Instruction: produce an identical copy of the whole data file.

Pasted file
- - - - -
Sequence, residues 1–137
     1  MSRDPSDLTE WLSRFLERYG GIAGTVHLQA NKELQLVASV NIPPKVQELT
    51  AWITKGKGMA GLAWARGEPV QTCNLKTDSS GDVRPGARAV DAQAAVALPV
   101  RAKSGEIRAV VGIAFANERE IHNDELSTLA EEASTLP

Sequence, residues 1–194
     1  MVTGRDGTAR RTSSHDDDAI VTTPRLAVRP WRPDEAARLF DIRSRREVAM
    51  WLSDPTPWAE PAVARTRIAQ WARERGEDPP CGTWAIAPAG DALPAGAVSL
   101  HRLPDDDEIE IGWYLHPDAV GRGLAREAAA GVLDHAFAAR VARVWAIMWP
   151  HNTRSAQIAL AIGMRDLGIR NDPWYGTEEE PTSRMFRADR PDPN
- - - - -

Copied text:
Sequence, residues 1–137
     1  MSRDPSDLTE WLSRFLERYG GIAGTVHLQA NKELQLVASV NIPPKVQELT
    51  AWITKGKGMA GLAWARGEPV QTCNLKTDSS GDVRPGARAV DAQAAVALPV
   101  RAKSGEIRAV VGIAFANERE IHNDELSTLA EEASTLP

Sequence, residues 1–194
     1  MVTGRDGTAR RTSSHDDDAI VTTPRLAVRP WRPDEAARLF DIRSRREVAM
    51  WLSDPTPWAE PAVARTRIAQ WARERGEDPP CGTWAIAPAG DALPAGAVSL
   101  HRLPDDDEIE IGWYLHPDAV GRGLAREAAA GVLDHAFAAR VARVWAIMWP
   151  HNTRSAQIAL AIGMRDLGIR NDPWYGTEEE PTSRMFRADR PDPN